In December 2017, the Chinese government congregated for a three-day economic work meeting. At the top leadership decided China will follow a “high quality” growth model with more focus on fairness and development.
China is the second largest economy in the world after the USA. According to certain forecasts, its GDP growth is slated to overtake America’s GDP in another 10 years. A hub for the manufacturing industry, China is the fastest growing economy. Its economic growth has been over 10% for over 30 years.
However, in the recent years, China’s exponential growth has come at the cost of increased debt. According to statistics, its debt is more than 250% of the GDP and is much higher than the US. It is, however, lower than Japan, which remains the world’s most indebted leading economy. Experts have said that if China’s trajectory continues, then it will be looking at an economic slump sooner than later.
The International Monetary Fund endorsed China's Yuan as a reserve currency two years ago -- putting it in an elite club that includes the U.S. dollar and British pound.
Market watchers have long been concerned about the nation's debt-fueled growth, industrial overcapacity and capital outflows that could possibly spur a global economic crisis. "[I]t remains unclear whether the increased centralization of authority will result in an acceleration of the pace of reform or a continuation of the gradual implementation of economic liberalization, which balances other policy objectives such as maintaining relatively strong growth and the strong role of state-owned enterprises observed in recent years," said Michael Taylor, Moody's chief credit officer for Asia Pacific, according to a release.
In December 2017, the Chinese government congregated for a three-day economic work meeting. At the top leadership decided China will follow a “high quality” growth model with more focus on fairness, the environment, and a joyful life. In addition, the leadership under Xi has decided that speed of growth is no longer an overriding concern as China now pursues development instead. On Wednesday, the leadership vowed to push ahead with a clean-up of the financial sector. “We will promote a benign cycle from the financial sector to the real economy, to the property sector, and within the financial system, and firmly crack down on financial irregularities,” the statement said.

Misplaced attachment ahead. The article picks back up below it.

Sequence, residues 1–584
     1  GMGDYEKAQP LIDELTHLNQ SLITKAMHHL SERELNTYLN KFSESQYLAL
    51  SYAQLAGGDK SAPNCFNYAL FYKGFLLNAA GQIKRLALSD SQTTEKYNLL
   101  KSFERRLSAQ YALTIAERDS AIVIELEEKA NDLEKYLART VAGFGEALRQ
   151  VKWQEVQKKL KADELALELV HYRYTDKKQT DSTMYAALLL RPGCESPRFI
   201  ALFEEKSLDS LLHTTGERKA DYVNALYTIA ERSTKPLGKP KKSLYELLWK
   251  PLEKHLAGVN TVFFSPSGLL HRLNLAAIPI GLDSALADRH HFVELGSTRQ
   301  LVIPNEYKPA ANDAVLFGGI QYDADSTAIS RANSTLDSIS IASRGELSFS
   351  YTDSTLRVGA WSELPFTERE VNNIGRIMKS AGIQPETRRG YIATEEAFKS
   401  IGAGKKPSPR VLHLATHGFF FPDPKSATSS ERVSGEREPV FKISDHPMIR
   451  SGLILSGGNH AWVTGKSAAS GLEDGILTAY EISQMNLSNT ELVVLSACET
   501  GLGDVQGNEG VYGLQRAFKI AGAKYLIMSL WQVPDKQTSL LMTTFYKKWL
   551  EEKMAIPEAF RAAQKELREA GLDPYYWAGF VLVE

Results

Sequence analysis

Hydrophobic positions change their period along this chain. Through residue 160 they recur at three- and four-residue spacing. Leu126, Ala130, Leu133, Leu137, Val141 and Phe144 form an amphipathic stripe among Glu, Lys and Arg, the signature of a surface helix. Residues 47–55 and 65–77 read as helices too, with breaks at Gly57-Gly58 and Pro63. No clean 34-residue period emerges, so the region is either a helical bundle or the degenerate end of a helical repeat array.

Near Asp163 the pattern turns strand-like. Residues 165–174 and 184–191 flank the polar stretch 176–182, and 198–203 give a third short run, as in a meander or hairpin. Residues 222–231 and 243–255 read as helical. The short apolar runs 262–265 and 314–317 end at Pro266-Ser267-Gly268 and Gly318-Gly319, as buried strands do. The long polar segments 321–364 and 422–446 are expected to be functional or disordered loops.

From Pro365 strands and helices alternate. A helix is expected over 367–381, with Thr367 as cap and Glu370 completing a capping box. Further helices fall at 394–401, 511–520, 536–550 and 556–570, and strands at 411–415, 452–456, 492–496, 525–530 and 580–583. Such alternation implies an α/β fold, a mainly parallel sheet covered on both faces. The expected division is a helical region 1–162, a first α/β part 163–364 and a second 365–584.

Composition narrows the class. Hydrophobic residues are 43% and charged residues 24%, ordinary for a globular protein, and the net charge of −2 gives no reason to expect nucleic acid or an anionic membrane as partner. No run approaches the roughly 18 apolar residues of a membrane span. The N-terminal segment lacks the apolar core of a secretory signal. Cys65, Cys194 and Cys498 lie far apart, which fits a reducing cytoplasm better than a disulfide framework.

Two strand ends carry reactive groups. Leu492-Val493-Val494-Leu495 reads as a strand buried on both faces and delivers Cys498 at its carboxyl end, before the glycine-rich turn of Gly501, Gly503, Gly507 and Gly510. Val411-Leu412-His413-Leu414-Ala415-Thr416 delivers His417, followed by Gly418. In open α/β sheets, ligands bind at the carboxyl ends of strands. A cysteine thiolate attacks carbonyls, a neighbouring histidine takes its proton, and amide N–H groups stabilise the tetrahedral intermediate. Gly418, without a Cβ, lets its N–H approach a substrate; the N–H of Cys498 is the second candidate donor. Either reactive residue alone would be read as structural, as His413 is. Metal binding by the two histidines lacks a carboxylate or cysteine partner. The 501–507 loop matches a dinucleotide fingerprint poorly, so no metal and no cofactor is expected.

Hao Hong, chief strategist of Bocom International, said Beijing had acknowledged there would be some trade-offs in terms of policy objectives. “[The government] has paid less attention to investment starting from this year. While infrastructure construction has largely offset the decline in property investment, the contribution of consumption to GDP growth has been rising,” he said.
Iris Pang, chief Greater China economist at ING, said Beijing’s push to rein in excessive credit and control debt was “a double-edged sword” that could affect economic performance. “A slight move in the financial system – such as a bank credit control or an interbank liquidity squeeze – may affect the whole situation … and that deserves special attention from the regulators,” she said.
“Unlike his predecessors, Xi is willing to compromise and more determined to push forward this work [by tolerating slower GDP growth],” said Ding Shuang, chief Greater China economist at Standard Chartered Bank in Hong Kong.
There are at least 43 million people living in absolute poverty on the mainland
Our assessment is that the Chinese government has recognized the reality that even as the economy grows, if the crippling debt rises along with it, then there will be a financial downturn. Experts have often connected economic slowdown to rise in criminal activity and there are indications that the breakneck speed of China’s growth in the past decade is slowing down. This is maybe why China is currently building one of the world’s most expansive facial recognition systems. Perhaps the government is preparing for the increase in crime rate.